Celebrating the first
Native American Saint,
SUNDAY, SEPTEMBER 8, 10:00 AM
INDIAN SUMMER FESTIVAL • MARCUS AMPHITHEATER
She was known as “Lily of the Mohawks” or the “Pocahontas of the Catholic Church”. But last October, Kateri Tekakwitha went down in history as the first Native American Saint. Born more than 300 years ago in the Mohawks village of Ossernion (today Ausierville, forty miles from Albany, NY), Kateri Tekakwitha was one of seven people canonized by Pope Benedict XVI in an open-air ceremony held in Saint Peter’s Square in October 2012.
Kateri had a short life — she died at 24 years of age — and yet, as for most saints, her devotion to Christianity, sacrifices and “heroic virtue” were so inspirational that her legacy survived for generations.
Indian Summer Festival invites you to celebrate Kateri Tekakwitha as the first Native American Saint by joining us for a special Mass and prayer service, conducted on the Indian Summer Festival grounds in the Marcus Amphitheater on Sunday, September 8 at 10:00 am. Archbishop Listecki will preside over the Mass along with Father Ed Cook of the Congregation of the Great Spirit. This is a unique opportunity to celebrate, honor and learn more about Saint Kateri Tekakwitha — the exceptional person she was and the Saint she became.
SPECIAL VIDEO PRESENTATION AND BOOK SIGNING!
Based on the Christian belief that we’re all called to heaven, this short video highlights the challenged and short life of Saint Kateri Tekakwitha, a 17th century Mohawk, while noting that the lives of Geronimo, Nicholas Black Elk, and many other Native Americans ended in a holy way as well. With archival photographs, primarily from Marquette University, it then chronicles the efforts to canonize her with highlights about her Native American devotees from many tribes and life-ways, from voyageurs, high-steel walkers, and housewives to priests and nuns, youth and elders, and military nurses and code talkers. It concludes at her canonization ceremony in Rome with Lakota Sioux elder George Looks Twice, who hopes that his grandfather, the holy man Nicholas Black Elk, will be canonized someday as well.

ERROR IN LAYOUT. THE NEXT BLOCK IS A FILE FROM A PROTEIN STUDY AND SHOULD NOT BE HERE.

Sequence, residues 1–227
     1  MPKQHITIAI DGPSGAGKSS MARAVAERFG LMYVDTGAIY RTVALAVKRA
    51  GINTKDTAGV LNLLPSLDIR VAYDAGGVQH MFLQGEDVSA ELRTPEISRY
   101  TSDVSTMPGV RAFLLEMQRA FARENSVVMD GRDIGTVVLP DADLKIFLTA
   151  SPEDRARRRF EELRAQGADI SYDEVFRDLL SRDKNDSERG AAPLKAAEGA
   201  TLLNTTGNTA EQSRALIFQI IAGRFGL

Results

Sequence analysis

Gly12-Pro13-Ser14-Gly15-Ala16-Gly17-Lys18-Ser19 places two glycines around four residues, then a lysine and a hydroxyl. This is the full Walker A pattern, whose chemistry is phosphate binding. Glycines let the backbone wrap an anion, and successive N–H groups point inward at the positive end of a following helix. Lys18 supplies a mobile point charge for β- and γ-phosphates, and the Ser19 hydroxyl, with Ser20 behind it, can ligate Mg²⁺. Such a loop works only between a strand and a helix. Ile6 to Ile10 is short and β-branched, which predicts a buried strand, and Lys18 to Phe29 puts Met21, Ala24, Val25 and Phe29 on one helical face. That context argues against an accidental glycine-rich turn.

The Legacy of Saint Kateri Tekakwitha will be available on You-tube, and also by the author in his new book, "Native Footsteps - Along the Path of Saint Kateri Tekakwitha". The book contains more stories about her life and those of her Native American devotees, some of whom are Milwaukee area residents. At Indian Summer Festival, the book will be available to purchase at the HONOR Resource Center booth, where the author will be available to autograph copies.
Mark Thiel, Author of "Native Footsteps - Along the Path of Saint Kateri Tekakwitha".and Archivist at Marquette University.
Sister Kateri Mitchell will be joining Indian Summer Festival for the weekend. She will be located in the Kateri Gathering Place tent. Sr. Mitchell who is executive director of the national Tekakwitha Conference located in Great Falls, Montana was involved with the process of elevating Kateri Tekakwitha to sainthood. In 2006, Sr. Mitchell visited a young boy named Jacob and his family in the hospital when Jacob was suffering from a life-threatening infection. She brought with her a relic belonging to Tekakwitha and prayed, along with the Rev. Tim Sauer of Seattle, for Blessed Kateri to intervene and heal Jacob. Jacob began healing almost immediately and survives today.
Sister Mitchell has said the goals of the conference have remained the same over the last 70 years growing in the Catholic faith as Native Americans, praying for Blessed Kateri’s intercession in their lives, and elevating Blessed Kateri to sainthood. Sr. Mitchell also serves to represent Native American Catholics in Rome.
FREE ADMISSION SUNDAY from 9:30 am - 10 am
with donation of non-perishable food items to the
Hunger Task Force.